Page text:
Mary Heilmann

Finally, and also at Hauser and Wirth – all three of these exhibitions are free, by the way – the above; piercingly, blindingly vivid nursery colours on boxy chairs and small, biscuit-like paintings.  Irritating at first, but worth hanging around for 10 minutes until your eyes adjust.  One great picture in blues and greens of waves piling up – she uses an effect that makes the dark blues look like flattened tubes spouting diagonally across the little canvas; reminded me of that great Albert Irvin, “Flodden”,  I was writing about a few weeks ago – but that was huge; this is small.



Blackpaint 34

January 9, 2010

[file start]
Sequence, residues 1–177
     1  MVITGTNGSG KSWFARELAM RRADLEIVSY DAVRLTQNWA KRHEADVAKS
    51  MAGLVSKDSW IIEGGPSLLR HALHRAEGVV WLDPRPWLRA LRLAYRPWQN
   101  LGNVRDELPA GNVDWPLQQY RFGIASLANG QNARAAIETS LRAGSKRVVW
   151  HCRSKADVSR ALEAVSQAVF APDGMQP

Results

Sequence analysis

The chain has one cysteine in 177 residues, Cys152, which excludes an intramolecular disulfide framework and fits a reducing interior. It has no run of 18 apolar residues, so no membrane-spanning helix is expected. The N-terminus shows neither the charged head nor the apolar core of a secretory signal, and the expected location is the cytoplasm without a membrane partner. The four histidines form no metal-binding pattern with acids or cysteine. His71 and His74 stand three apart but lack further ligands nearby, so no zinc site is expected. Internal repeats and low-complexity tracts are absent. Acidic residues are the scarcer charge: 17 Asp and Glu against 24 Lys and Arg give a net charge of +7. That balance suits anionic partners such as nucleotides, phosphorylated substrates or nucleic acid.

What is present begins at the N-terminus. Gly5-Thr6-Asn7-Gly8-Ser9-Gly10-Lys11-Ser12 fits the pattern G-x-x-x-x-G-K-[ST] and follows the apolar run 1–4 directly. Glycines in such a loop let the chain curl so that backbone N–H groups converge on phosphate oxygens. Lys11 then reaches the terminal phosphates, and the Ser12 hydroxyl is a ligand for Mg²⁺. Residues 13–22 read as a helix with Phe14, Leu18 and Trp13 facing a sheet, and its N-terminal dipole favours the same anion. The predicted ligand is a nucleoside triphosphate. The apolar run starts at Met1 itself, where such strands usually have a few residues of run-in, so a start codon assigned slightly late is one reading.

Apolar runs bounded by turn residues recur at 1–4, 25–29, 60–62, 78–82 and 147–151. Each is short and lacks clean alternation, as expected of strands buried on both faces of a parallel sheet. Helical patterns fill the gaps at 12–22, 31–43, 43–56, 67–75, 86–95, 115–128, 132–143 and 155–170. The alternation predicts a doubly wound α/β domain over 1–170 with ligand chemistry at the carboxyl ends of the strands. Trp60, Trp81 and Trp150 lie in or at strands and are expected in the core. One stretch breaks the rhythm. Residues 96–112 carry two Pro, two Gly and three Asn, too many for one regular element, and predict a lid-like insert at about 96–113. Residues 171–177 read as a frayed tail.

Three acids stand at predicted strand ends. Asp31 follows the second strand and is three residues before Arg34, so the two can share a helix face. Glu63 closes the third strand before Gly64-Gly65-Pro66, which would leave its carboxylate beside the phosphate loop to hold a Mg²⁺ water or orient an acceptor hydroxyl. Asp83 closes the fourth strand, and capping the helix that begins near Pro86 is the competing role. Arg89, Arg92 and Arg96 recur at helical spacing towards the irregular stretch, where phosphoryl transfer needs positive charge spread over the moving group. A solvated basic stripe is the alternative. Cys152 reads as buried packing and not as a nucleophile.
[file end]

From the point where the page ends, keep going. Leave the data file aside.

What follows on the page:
The Sacred and the Real

The show at the National is finishing on the 24th Jan.  It felt a bit like going round the old Chamber of Horrors in Tussauds when I was a kid.  There used to be an exhibit curtained off and labelled “not suitable for children under 13 years”, as I recall.  Behind the curtain, there was a figure hanging a few feet from the ground by a hook through the stomach.  There were also shelf loads of guillotined heads, mouths gaping, blood running down chins.

The lifelike crucifixions, whipped backs, broken and slashed knees, nailed hands and feet, expertly carved in wood but looking like wax, glued -on tears (Loyola) and even a severed head, the Baptist’s, with all the pipes and blood vessels accurate apparently – and the darkness, all recall Tussauds. 

The Magdalene model in her rough, plaited straw mat dress, staring at a crucifix in her hand – that reminded me of Ken Russell’s “The Devils”, the crazed abbess Vanessa Redgrave played, with her crucifix; see it if you haven’t, Redgrave, Oliver Reed and Dudley Sutton and Russell’s restrained and respectful direction – brilliant.